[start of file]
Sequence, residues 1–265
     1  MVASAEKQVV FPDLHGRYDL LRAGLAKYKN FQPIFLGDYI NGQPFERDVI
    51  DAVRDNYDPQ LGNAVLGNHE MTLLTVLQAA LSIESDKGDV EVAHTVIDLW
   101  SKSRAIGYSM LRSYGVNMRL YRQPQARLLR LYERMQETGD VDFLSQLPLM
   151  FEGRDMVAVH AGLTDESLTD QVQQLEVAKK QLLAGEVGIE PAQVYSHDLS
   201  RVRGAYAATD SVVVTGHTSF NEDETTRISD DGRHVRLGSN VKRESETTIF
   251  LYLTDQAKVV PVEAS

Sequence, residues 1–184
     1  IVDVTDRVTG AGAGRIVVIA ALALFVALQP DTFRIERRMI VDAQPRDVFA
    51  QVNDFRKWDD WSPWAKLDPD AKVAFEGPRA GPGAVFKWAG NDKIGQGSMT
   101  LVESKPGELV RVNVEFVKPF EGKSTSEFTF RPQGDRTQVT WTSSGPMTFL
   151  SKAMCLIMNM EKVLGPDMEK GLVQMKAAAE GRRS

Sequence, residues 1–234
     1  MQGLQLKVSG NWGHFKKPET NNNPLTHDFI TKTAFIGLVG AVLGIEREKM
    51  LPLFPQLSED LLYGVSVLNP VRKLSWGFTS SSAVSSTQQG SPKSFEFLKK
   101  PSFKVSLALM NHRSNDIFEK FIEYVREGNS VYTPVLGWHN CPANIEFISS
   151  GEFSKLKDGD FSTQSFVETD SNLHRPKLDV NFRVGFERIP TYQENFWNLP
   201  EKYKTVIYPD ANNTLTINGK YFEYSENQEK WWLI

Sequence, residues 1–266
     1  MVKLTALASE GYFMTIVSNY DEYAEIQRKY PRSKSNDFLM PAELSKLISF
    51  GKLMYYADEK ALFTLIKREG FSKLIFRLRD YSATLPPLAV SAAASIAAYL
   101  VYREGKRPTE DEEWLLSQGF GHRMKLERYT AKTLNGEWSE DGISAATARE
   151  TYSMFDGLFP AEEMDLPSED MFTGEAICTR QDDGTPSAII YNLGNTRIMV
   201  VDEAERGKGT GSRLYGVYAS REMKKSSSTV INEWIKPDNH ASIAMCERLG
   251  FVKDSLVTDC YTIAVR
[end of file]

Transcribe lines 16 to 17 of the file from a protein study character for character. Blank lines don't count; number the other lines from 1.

   101  PSFKVSLALM NHRSNDIFEK FIEYVREGNS VYTPVLGWHN CPANIEFISS
   151  GEFSKLKDGD FSTQSFVETD SNLHRPKLDV NFRVGFERIP TYQENFWNLP